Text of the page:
Charles Darwin's Theory Of Evolution

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In January of 1925, the State of Tennessee passed a law called The Butler Bill that "prohibited any teacher within the State of Tennessee to teach any theory that denies the story of the Divine Creation of man and that man descended from a lower order of animals.”1 Fundamentalism was the basis of The Butler Bill. Fundamentalism is the belief in the literal interpretation of religious texts. In June, a Tennessee high school substitute teacher named John Scopes was accused of teaching Charles Darwin 's theory of evolution to students. The theory of evolution was a hypothesis that species survived through "natural selection", meaning the adaption of species evolving to better themselves to a changing and threatening environment and that man evolved from apes. His theory that Scopes taught was completely against the Butler law. Even though Scopes’ teaching of evolution violated the Butler Law, he should have had the right to teach Darwin 's theory because religion should not have had any involvement with the education system.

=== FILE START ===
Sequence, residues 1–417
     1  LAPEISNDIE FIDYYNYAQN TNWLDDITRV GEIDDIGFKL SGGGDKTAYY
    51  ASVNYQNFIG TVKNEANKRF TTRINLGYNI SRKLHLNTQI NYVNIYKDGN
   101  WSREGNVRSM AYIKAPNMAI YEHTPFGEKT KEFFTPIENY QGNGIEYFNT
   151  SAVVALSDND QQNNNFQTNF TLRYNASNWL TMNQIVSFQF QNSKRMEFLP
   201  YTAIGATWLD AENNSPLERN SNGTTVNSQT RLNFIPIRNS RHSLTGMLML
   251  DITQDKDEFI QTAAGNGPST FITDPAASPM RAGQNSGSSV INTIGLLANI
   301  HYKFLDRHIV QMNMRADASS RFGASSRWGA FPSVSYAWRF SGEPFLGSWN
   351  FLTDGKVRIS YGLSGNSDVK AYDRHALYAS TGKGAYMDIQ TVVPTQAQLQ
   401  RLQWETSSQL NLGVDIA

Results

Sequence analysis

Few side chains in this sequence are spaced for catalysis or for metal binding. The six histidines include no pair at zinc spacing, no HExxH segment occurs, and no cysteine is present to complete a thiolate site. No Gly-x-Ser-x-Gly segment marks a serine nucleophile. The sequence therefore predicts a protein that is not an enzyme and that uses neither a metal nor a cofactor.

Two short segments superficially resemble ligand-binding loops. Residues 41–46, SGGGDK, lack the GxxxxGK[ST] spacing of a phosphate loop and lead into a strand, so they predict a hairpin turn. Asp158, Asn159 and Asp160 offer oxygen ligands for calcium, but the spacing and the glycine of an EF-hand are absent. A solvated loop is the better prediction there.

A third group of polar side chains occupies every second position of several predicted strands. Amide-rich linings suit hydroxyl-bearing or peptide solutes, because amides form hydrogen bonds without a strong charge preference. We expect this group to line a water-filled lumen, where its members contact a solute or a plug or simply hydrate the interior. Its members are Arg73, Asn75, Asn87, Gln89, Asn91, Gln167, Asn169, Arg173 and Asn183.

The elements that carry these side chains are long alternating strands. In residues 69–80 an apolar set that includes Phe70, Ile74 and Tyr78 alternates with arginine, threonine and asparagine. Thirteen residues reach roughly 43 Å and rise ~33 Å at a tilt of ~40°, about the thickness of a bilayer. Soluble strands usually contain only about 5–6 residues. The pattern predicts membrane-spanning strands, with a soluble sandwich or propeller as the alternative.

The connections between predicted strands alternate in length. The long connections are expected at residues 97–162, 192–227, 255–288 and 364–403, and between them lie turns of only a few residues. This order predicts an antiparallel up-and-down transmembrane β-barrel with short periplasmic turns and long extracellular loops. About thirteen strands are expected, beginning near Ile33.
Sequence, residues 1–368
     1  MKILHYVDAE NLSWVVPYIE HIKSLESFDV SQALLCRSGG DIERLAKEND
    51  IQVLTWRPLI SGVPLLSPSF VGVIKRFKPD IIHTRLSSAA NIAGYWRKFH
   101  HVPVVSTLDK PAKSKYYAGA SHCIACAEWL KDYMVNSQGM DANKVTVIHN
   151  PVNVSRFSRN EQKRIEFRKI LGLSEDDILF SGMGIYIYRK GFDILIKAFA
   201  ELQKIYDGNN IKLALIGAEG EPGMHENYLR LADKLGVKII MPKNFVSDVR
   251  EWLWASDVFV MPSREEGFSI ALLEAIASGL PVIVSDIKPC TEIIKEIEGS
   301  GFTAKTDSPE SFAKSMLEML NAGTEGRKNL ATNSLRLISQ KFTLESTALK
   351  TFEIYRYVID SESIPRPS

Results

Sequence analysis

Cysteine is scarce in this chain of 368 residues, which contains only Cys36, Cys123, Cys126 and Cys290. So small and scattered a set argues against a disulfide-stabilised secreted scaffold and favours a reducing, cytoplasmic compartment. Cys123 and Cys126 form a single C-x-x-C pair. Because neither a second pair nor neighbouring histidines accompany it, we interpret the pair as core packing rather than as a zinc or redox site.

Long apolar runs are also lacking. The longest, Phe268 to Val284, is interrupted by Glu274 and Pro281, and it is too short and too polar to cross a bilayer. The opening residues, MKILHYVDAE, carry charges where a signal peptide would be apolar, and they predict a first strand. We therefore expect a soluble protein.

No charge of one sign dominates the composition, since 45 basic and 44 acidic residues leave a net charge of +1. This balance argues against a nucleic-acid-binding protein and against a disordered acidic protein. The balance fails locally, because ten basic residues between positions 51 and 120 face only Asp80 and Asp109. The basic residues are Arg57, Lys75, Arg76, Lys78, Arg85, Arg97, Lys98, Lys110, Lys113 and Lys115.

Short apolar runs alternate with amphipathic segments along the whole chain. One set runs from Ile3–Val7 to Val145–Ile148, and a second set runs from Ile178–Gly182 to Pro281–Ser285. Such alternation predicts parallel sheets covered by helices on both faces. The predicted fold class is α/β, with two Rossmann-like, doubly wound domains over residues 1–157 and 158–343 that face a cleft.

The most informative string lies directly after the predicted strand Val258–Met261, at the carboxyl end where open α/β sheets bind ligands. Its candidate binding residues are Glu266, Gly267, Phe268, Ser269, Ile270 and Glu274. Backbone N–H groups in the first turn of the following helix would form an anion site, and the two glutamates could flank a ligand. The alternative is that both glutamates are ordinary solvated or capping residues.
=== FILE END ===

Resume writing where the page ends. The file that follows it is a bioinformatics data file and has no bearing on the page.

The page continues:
The Scope Monkey Trial July 10, 1925, the trial of John Scopes began. The case attracted a lot of attention that it broadcasted throughout the United States via radio. In Scopes defense, The American Civil Liberties Union (ACLU), together with Clarence Darrow, a famous attorney from Chicago, came to Scopes’ defense for the trial. . For the prosecution, Tennessee acquired the attention of William Jennings Bryan, a three-time Democratic presidential
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